How Does SMART Recovery Work?
Fully based on rational thinking and backed by scientific evidence, SMART seeks to keep its ideas, strategies and beliefs simple and uncomplicated. They strive to teach people effective and long-term approaches to healthier thinking, emotional intelligence and taking intentional actions.
SMART Recovery aims to teach participants self-reliance rather than powerlessness. Instead of rooting their power to change in a sponsor or higher power, people are equipped with tools and resources to choose recovery for themselves. Through the application of core principles and support found in SMART Recovery meetings, individuals are empowered to make incremental progress toward positive change until there is a compounding effect that helps the individual get sober and stay sober.
SMART Recovery Meetings
SMART meetings are run by a trained facilitator and are typically attended by three to twelve participants or more. Participants can share successes, challenges and progress on any goals. Meetings will also take time to review and apply SMART tools directly to participants’ situations. Group discussion and participation are encouraged so all attendees can learn from one another’s experiences and share successes and difficulties.
Where to Find SMART Meetings
SMART Recovery offers meetings across the United States and in many other countries. You can find an up-to-date list of meeting locations and times at meetings.smartrecovery.org.
Tools and Resources in SMART Recovery
SMART Recovery has developed a library of tools, techniques and resources for their participants. The SMART Recovery Handbook is the foundational resource for recovery. In addition to the handbook, SMART has developed techniques and tools like the following to help participants in recovery:
- The Stages of Change
- Change-Plan Worksheet
- Cost-Benefit Analysis Tool
- Destructive Images and Self-Talk Awareness and Refusal Method (DISARM)
In addition to these tools, SMART Recovery offers participants face-to-face meetings worldwide, online meet-ups and message boards and a chat room available 24/7 for people to connect.
SMART Recovery versus AA
Perhaps the biggest difference between SMART and AA lies in how the recovery works. While AA focuses on the serenity prayer and admitting you are powerless against substances, SMART focuses on empowerment and problem-solving. Other differences include:
|Aspect of Recovery
|AA (Alcoholics Anonymous)
|Spiritual foundation with a higher power
|Analytical foundation with no spiritual emphasis
|Approach to cravings and urges
|Believes in using meetings, sponsors and prayer
|Emphasizes problem-solving for effectiveness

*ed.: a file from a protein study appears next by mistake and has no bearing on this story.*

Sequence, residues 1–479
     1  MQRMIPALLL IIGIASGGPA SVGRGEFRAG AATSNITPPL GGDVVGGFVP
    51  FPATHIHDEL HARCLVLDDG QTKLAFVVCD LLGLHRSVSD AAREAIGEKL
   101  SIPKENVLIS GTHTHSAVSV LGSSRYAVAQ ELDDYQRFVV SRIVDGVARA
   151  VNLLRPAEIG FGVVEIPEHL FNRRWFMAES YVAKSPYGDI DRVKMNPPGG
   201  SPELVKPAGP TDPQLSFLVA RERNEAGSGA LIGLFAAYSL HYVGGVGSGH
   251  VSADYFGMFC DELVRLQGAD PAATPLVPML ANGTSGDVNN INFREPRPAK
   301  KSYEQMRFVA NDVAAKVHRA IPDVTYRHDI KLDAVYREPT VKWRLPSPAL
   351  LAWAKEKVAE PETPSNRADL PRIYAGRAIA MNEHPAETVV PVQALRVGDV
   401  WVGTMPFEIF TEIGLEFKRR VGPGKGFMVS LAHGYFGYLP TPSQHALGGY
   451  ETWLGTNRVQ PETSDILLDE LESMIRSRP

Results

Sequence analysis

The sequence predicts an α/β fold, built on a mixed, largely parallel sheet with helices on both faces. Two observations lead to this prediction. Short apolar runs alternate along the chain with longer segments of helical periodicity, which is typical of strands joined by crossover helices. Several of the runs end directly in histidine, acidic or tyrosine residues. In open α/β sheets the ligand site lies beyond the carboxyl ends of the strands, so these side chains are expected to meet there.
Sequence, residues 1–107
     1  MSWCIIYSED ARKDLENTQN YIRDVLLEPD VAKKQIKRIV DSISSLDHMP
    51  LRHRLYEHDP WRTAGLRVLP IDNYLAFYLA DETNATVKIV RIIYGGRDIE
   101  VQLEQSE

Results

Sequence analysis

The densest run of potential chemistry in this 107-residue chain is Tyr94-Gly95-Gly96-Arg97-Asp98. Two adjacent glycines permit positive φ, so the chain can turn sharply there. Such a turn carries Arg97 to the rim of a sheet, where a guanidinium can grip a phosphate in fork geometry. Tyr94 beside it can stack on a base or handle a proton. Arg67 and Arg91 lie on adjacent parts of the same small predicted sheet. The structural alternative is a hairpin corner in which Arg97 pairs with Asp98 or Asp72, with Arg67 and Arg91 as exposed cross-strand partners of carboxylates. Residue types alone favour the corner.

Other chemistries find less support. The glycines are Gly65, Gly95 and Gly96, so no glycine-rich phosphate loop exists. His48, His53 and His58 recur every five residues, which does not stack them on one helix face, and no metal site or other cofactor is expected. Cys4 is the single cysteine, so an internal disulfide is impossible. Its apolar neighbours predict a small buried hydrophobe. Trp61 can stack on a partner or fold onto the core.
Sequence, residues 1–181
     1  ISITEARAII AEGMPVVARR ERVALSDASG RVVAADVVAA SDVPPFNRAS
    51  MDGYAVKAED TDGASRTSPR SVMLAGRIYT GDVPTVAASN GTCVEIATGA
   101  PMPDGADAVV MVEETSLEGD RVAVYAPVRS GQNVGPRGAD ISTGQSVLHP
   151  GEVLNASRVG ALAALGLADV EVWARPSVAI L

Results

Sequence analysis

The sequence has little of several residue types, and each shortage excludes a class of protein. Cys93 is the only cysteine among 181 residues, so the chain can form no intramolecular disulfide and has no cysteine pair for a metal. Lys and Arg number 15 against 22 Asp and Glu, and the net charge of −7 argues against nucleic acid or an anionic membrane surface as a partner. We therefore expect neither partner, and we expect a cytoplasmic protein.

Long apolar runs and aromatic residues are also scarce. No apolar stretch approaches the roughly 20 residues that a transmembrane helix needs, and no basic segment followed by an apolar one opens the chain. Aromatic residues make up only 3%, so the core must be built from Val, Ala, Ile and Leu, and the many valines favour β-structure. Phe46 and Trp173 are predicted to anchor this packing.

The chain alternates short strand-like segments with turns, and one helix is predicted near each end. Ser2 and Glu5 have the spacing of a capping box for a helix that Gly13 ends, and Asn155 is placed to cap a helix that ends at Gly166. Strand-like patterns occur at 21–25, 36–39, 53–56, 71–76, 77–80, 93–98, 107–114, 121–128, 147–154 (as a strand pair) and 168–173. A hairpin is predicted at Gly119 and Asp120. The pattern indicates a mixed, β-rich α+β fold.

|Pathways to recovery
|Strongly believes in 12 steps
|Believes in multiple paths and personal choice
|View on addiction
|Has referred to addiction as a disease but does not lay out an obvious position
|Does not tend to refer to addiction as a disease but emphasizes personal choice and change
|Uses labels like “addict” and “alcoholic”
|Avoids using such labels
|Popularity and age
|More widely known and established
|Newer, with lower awareness among the public
How Effective Is SMART Recovery?
SMART has cited several studies demonstrating the efficacy of the SMART Recovery program and philosophy. The studies demonstrate that SMART is at least as effective as other recovery methods like AA, Women for Sobriety and LifeRing. SMART acknowledges that addiction recovery has a lot of variables, however, and that certain programs may fit the unique needs of an individual better than others.
The Role of SMART Recovery in Addiction Treatment
SMART Recovery is among many tools for getting sober and entering lifelong recovery. Programs like SMART, AA and others may work for some individuals struggling with substance misuse. Still, they may not be as effective for others. The specifics of your addiction will determine what sort of support and treatment you need.
If you have struggled a lot with alcohol or drugs, and your substance misuse has significantly impacted your life, you may want to consider a more robust treatment program like inpatient rehab at an accredited facility like Orlando Recovery Center. Inpatient rehab offers you the chance for a hard reset where you can receive 24-7 care for detox and rehabilitation. After getting clean and being equipped for recovery in a highly supportive environment, a program like SMART Recovery may benefit your ongoing sobriety after you receive more intensive care and treatment.
Is SMART Recovery For You?
This form of recovery is a self-empowering group that encourages its participants to take charge of their lives through motivation, problem-solving and creating a better lifestyle. The crux of SMART is not to work with an incurable disease but to change human behavior.
If you have attended AA or NA meetings and they did not work for you because accepting powerlessness and turning your life over to a higher power did not resonate with you, SMART may be a better fit for you. Likewise, you may be in treatment or facing addiction on your own while looking for a support group to complement your sobriety. SMART helps you work from an analytical and scientific approach.
Whatever road to recovery you choose, help and support are available. We would love to provide you with more information and talk to you about addiction treatment programs at Orlando Recovery Center Drug and Alcohol Rehab. Contact us today, and let us help find the best methods for you.